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By ROBERT PRICE, Californian executive editor firstname.lastname@example.org
The list of landmarks named for labor leader Cesar Chavez is a long one. In California alone at least 22 schools, six libraries, seven streets and 10 parks are named for the man. That's three times as many civic tributes in this state as Franklin Delano Roosevelt has across the entire country.
That doesn't mean Chavez's lasting impacts are common knowledge today. Students at Cesar Chavez High School -- and there are six in the U.S. -- presumably have some clue about the arc of his too-short life. Then again, maybe they don't.
Hollywood can help alleviate these knowledge gaps among the general populace -- to varying degrees, anyway. The reigning Academy Award winner for Best Picture, "12 Years a Slave," is said to be a reasonably accurate representation of the 1853 memoir by Solomon Northup upon which is it based. But any praise a "historical" film might attract has to be considered in the context of a nigh-impossible task: meshing entertainment value and profit potential with integrity of purpose. Ask Oliver Stone about that: Warren Commission member Gerald R. Ford called Stone's 1991 film "JFK" "a desecration to the memory of President Kennedy" and a "fraudulent misrepresentation of the truth." Of course it grossed a respectable $205 million worldwide, which probably helped assuage the sting of a former president's scorn.
Now comes "Cesar Chavez," a film that traces the flawed Latino Ghandi through the most transformational years of his life, 1962 to 1970. That was the year his Delano-based United Farm Workers won concessions from major valley growers that included portable toilets in the fields, better access to drinking water and stronger protections against pesticide exposure. Do those things seem like fundamental rights? They do today. Surely they seemed so then, too.
Actor Michael Pena's portrayal of Chavez is not especially nuanced but it's a tour de force compared to the caricatures that passed for the growers. They are crude, stubborn and one-dimensional; if they had financial (or any) motives for denying workers those rights for so long, we don't hear about it. It doesn't matter that those reasons cannot have had any basis in fairness or humanity by today's standards. We needed to hear them in order to understand exactly what was at stake from their perspective. You keep waiting for actor John Malkovich, horrifically miscast as a fictional grower, to explain the reason for his side's obstinance, but that might have required him to abandon his snipped, controlled cadence and actually move his face.
Consequently, Chavez's detractors may call foul -- and in today's heated environment of hyper-partisanship and aggressive advocacy for immigration reform, Chavez may have more detractors now than when the UFW was fomenting its ultimately successful 1965 grape boycott.
Imperfect though it is, however, "Cesar Chavez" needed to be made. It needed to hit big screens across the country, in cities and in farm towns. It needed buzz and bad reviews to go with the good (yes, some liked it). And it needed to allow itself a red-carpet affair like the one at Bakersfield's Marriott Hotel Saturday night, which brought to town Jack Holmes, who played Robert Kennedy so deftly some must have wondered if a long-lost brother had awakened; Rosario Dawson, who played a fiery if only intermittently seen Dolores Huerta; and Dolores Huerta, who still plays a fiery Dolores Huerta. "Cesar Chavez" needed the stamp of pop-culture validation that only a Hollywood production can supply. Director Diego Luna couldn't get Antonio Banderas to play Chavez, as some had suggested, perhaps playfully -- but then the film's subject was hardly a swash-buckling ladies' man, and this was no action fantasy.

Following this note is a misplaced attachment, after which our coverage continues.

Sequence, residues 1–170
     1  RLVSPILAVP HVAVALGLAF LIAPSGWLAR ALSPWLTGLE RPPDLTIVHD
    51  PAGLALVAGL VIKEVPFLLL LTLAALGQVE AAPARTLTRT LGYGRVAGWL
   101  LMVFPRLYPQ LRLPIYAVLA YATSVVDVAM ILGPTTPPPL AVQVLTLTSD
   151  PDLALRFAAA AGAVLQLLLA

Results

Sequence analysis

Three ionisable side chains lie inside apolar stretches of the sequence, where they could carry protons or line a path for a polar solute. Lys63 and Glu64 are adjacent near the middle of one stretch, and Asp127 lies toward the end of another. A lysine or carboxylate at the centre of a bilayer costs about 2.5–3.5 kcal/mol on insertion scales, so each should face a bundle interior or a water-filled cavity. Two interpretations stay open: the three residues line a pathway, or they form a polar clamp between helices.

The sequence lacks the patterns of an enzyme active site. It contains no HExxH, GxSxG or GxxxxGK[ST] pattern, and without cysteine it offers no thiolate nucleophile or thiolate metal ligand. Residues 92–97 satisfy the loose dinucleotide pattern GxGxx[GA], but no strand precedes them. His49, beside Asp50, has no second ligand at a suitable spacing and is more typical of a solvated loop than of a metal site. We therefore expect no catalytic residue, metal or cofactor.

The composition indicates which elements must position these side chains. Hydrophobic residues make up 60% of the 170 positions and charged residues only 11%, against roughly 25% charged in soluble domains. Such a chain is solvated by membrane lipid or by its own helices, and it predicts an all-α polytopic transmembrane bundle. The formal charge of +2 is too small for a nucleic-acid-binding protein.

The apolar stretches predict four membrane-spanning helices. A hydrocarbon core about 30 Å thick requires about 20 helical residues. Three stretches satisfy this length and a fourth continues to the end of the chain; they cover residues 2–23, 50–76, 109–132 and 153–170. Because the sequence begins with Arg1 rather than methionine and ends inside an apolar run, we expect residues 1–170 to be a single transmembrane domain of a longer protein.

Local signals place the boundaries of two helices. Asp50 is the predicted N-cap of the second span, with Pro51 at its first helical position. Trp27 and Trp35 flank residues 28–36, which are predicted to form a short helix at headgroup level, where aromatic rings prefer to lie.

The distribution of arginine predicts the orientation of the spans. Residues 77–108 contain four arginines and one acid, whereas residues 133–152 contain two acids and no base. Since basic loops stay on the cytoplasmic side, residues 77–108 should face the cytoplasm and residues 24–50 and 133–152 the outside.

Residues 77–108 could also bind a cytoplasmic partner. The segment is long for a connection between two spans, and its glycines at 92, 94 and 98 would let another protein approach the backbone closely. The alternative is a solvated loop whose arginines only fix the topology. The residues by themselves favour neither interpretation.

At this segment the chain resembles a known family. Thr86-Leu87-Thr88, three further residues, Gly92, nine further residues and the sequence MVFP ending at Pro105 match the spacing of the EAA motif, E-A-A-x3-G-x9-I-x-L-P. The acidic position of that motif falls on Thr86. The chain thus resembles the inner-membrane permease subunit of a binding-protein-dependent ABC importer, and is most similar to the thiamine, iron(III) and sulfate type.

Luna found his investors and, with just $10 million to work with, made his film. A few more million would have benefitted the project immensely, but Luna's modest resources also lent a poetic balance to the proceedings. Cesar Chavez the man, like "Cesar Chavez" the movie, was the antithesis of excess. IMAX and Dolby would have worn on his martyred visage like a tiara on Mary.
Chavez lived just 66 years. Celluloid and its digital progeny endure forever, or at least beyond our memory that the visual account in question ever existed in the first place. For the founder of a movement that evolved into something bigger and broader and well beyond the realm of a farm labor organization, it is an appropriate chronicle of a salient history.
Chavez's soft-spokenness belied a quiet strength. Perhaps, with time, this quiet, understated film about his life will be seen as having achieved something akin to that. "Cesar Chavez" the film might have been bigger and louder; it might have burned itself into our senses like the summer San Joaquin Valley sun. And Cesar Chavez, a small screen man who lived a big screen life, might well have hated it.
-- Email Executive Editor Robert Price at email@example.com.